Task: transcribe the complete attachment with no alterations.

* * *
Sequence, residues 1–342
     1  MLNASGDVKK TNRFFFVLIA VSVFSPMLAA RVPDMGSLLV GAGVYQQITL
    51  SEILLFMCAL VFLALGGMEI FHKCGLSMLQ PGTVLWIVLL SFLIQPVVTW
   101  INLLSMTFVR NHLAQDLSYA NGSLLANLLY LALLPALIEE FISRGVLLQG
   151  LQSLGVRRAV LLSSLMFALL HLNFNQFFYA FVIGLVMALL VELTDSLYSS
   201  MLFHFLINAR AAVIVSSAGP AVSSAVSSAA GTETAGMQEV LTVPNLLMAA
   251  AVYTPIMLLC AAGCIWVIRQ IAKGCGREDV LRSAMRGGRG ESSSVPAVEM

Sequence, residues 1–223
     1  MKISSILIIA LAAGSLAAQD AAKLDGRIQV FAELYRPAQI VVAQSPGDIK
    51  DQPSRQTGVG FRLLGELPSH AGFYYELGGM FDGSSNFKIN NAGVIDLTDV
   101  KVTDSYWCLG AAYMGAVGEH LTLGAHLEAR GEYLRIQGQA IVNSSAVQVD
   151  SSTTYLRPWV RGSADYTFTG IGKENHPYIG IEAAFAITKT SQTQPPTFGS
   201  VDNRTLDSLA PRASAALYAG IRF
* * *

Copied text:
Sequence, residues 1–342
     1  MLNASGDVKK TNRFFFVLIA VSVFSPMLAA RVPDMGSLLV GAGVYQQITL
    51  SEILLFMCAL VFLALGGMEI FHKCGLSMLQ PGTVLWIVLL SFLIQPVVTW
   101  INLLSMTFVR NHLAQDLSYA NGSLLANLLY LALLPALIEE FISRGVLLQG
   151  LQSLGVRRAV LLSSLMFALL HLNFNQFFYA FVIGLVMALL VELTDSLYSS
   201  MLFHFLINAR AAVIVSSAGP AVSSAVSSAA GTETAGMQEV LTVPNLLMAA
   251  AVYTPIMLLC AAGCIWVIRQ IAKGCGREDV LRSAMRGGRG ESSSVPAVEM

Sequence, residues 1–223
     1  MKISSILIIA LAAGSLAAQD AAKLDGRIQV FAELYRPAQI VVAQSPGDIK
    51  DQPSRQTGVG FRLLGELPSH AGFYYELGGM FDGSSNFKIN NAGVIDLTDV
   101  KVTDSYWCLG AAYMGAVGEH LTLGAHLEAR GEYLRIQGQA IVNSSAVQVD
   151  SSTTYLRPWV RGSADYTFTG IGKENHPYIG IEAAFAITKT SQTQPPTFGS
   201  VDNRTLDSLA PRASAALYAG IRF